Comparing medium pressure dielectric barrier discharge (DBD) plasmas and classic methods of surface cleaning/activation of pure Mg for biomedical applications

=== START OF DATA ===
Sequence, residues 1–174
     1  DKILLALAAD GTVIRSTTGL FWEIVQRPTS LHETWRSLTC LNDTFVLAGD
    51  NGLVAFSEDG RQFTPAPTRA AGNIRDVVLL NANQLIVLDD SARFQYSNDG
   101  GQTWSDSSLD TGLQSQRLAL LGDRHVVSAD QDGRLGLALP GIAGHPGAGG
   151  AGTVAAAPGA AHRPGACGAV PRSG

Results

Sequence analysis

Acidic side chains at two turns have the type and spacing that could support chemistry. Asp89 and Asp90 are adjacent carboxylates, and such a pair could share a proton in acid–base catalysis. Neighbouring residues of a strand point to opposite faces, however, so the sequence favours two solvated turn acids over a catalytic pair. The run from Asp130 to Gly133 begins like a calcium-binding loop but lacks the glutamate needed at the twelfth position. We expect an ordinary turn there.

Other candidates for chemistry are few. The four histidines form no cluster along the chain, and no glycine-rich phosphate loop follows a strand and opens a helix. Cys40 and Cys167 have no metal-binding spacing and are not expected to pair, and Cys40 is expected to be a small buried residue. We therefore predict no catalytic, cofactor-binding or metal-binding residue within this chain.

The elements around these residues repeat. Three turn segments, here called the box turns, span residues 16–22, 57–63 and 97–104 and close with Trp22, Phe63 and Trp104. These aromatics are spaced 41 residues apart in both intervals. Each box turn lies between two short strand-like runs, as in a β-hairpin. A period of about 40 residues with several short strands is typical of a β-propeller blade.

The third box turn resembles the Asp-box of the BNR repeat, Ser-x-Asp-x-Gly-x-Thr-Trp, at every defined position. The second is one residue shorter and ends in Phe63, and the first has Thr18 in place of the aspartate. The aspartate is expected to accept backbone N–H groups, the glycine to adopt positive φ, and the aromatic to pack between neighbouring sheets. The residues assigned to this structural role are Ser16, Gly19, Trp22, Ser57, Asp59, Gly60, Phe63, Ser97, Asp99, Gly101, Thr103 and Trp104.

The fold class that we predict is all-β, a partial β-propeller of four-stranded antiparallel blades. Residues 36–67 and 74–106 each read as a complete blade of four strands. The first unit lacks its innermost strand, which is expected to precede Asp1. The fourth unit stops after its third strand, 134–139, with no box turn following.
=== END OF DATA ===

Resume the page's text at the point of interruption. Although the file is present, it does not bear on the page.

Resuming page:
Pure magnesium (Mg), being a lightweight biodegradable material, is increasingly attracting attention for its use in biomedical applications. However, surface contaminations arising from material machining can result in a deleterious degradation behavior thus a poor implant biocompatibility performance. Therefore, this paper represents a comparative study tackling the surface chemistry, cytocompatibility and degradation of Mg discs subjected to classical grinding and chemical treatments and to unconventional medium pressure (5 kPa) plasmas operated in Ar and NH3/He. Results reveal that both plasmas remove more than 40% of the carbonaceous contaminations while introducing surface oxygen (and nitrogen) containing functionalities. However, grinding only removes 34% of the initial surface carbon. Despite being the most efficient in eliminating the organic layer, the chemical treatment leads to an excessive surface oxidation. In vitro tests involving mesenchymal stem cells reveal that plasma-treated samples outperform their ground and chemically cleaned counterparts in terms of cell-surface affinity as more spread out cells with significantly bigger areas are detected, suggesting higher cell attachment. Moreover, plasma does not alter the degradation rate of Mg discs, thus providing a striking insight for their application in tissue engineering. Overall, one can conclude that the eco-friendly and economical sub-atmospheric plasma is an effective alternative synergistically cleaning and improving the cytocompatibility of Mg surfaces.
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